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Topic: Re:snowballing effect in modeling?
Posted by: Robert Ballentine
Date/Time: 12/12/2003 12:10:59


One of the purposes of modelling is not only to reduce the trial and error phase, but to avoid at all costs, if possible. What would be the point of it, the purposes of modelling is both in the replication as much as the efficacy.

Imagine, when a newbie (excuse me please, have to use cricket as an example) batsman or batsperson stands in posture…

(feet together positioned adjacent and about 1/2 meter away from the wickets, cricket bat held in both hands, with the tip of the bat resting on the ground in front of the toes forcing the bending of the back and the batspersons head twisted through 90 degrees to face the attention of the bowlers oncoming piece de resistance) 

…the learner is to face a ball made from leather which is hard enough to cause serious injury, which is then bowled in a manner depicted of correct cricket; that is, it is swung with the arm behind the bowler in a forward arc and released at around the 10.00o'clock position towards the batsperson with the speed ranging anything from 20 -120 miles / hour. Hopefully the former for the leaner.

At this point, if the ball is travelling too fast the learner will do the honourably wise thing and dive out of the way of the oncoming ball, or if more tenacious and spirited attempt; in that great English tradition of stiff upper lippedness, to hit the ball.

Now depending upon the trajectory of the ball, the batspersons innate skill and abilities of hand eye co-ordination to oncoming solid objects at speed, a number of outcomes could happen, not least of all, head butting the ball, batting the ball or the ball meeting it's target and knocking off the wooden bails from the stumps.

So, take this through to the learner; not having been scared off by solid objects flying through the air at them, having spent weeks, months and perhaps years of 'trial and error' in learning the different non-verbal cues the a bowler will signal to the batsperson in what type of bowling action the bowler will use either to spin the ball top or bottom, aim the ball off wicket, or on wicket, straight at the wicket, bounce off the grass etc etc.

And then the unconscious signals of the firmness of the ground to the feet of the batsperson, indicating the likelihood of how the ball will respond to bouncing off the grass, with the unconscious signals of the wind and how that effects the trajectory of the ball etc… starting to get the picture.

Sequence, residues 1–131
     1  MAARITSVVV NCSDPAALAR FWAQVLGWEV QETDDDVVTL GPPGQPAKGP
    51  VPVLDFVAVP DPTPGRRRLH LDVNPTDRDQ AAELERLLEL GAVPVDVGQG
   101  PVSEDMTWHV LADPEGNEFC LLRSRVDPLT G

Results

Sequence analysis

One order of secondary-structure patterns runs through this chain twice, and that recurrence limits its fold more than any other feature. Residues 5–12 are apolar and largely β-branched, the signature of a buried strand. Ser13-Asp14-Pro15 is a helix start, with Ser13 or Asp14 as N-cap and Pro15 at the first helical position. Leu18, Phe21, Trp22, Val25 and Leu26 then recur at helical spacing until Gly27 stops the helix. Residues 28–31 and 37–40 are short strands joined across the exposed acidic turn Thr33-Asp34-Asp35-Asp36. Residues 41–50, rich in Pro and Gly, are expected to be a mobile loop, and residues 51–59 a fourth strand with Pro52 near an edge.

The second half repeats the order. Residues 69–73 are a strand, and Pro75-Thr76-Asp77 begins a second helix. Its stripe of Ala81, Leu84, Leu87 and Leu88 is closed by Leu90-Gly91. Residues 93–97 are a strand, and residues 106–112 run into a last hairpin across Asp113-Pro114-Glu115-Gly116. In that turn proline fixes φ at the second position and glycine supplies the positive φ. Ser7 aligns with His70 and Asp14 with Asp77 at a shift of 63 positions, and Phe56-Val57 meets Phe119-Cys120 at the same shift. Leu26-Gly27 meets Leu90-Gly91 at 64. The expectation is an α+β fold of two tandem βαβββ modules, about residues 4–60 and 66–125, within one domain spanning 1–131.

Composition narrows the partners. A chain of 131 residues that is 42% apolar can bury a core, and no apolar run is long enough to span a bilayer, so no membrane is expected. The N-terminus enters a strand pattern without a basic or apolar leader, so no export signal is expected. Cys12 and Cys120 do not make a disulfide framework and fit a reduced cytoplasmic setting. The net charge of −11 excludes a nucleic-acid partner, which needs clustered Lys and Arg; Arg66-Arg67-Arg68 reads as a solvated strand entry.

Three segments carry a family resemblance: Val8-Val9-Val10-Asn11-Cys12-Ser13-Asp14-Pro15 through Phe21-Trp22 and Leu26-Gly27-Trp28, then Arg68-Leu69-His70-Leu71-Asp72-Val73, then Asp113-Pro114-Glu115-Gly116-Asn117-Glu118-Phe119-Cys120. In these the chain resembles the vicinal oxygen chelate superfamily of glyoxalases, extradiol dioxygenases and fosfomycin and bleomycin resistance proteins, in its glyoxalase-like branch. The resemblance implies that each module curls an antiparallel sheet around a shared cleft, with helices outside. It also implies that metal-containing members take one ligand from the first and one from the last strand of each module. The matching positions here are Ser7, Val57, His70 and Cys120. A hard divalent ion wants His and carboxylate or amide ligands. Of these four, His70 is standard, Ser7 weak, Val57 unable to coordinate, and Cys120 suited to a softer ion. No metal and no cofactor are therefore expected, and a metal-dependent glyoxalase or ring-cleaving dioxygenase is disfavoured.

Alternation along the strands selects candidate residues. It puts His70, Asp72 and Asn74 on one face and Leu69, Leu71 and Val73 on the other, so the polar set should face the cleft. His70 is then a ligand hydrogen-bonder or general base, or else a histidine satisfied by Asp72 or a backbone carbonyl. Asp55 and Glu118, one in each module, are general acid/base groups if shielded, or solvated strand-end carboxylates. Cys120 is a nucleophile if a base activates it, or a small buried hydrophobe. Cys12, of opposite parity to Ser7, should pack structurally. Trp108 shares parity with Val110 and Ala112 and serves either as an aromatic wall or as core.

So that after years of this, the batsperson has created intuitive patterns of behaviours set within the boundaries of the scope and range of his or her behaviours, reflective to that from the diverse bowling styles, cues and environmental conditions, that result in; accordingly to our imaginary model of genius, a set of commensurate skills of excellence.

Now, supposing we model this person, and after 'however long a period' we arrive at the conclusive evidence that our ability to replicate the defined behaviour in our said 'context' (this being a definitive variable worthy of note when modelling) meets the criterion set out in whispering. That is we are able to perform near exacting behaviours to the model and achive near exacting responses, for in cricket, hit the ball and achieve either the ball out of the boundary, for 6 points or rolling out of the boundary for 4 etc etc, depending upon the criteria set for modelling this person of excellence.

So now we have the ability to replicate the models behaviours and achieve our desired result. Set within the confines of a) our own physical abilities and b) the constraints of the context of the modelling project.

Context: just a note here. Context is an important variable within the modelling project. This defines the scope and boundaries of the project, that is, what portion of the models behaviour are we going to model. For instance - All of it, or partial, or specific, - All of it, we could say, includes, different weather conditions, different pitches (grass, grounds, stadiums), different bowlers, top spinners, bottom spinners etc. different cricket bats… and the list goes on. Partial - any subset or division of All. Specific - a specific subset of behaviours that come from Partial.

So the division of these sets would be driven by the modellers own way in partitioning the sets of experience called cricket.

Example of partition = modelling batting against top spinner bowlers. Which could include, the positioning of batsperson on the pitch to when the bowler makes their run and then bowls, to the extradition of the ball from the batsperson's cricket bat to the other side of the pitch.

Example of Specific = modelling the positioning of the batsperson on the batting line.
Well, lets now take it to the point in question, that is, what about all the errors and learning the person has taken throughout their journey to arrive at excellence and all the 'great lessons' they have learnt along the way.

Firstly, 'Great lessons' is a personal criteria judgement based upon their own interpretation of their experiences. 'One persons seat is another's mile stone' or 'one person's food is another's poison'

Well, yes, the model would have undoubtedly learnt many things, including what to do when a ball is flying at 120mph towards their head, and how to avoid it, (hopefully) but again this is part of the context of modelling. What do you want to model?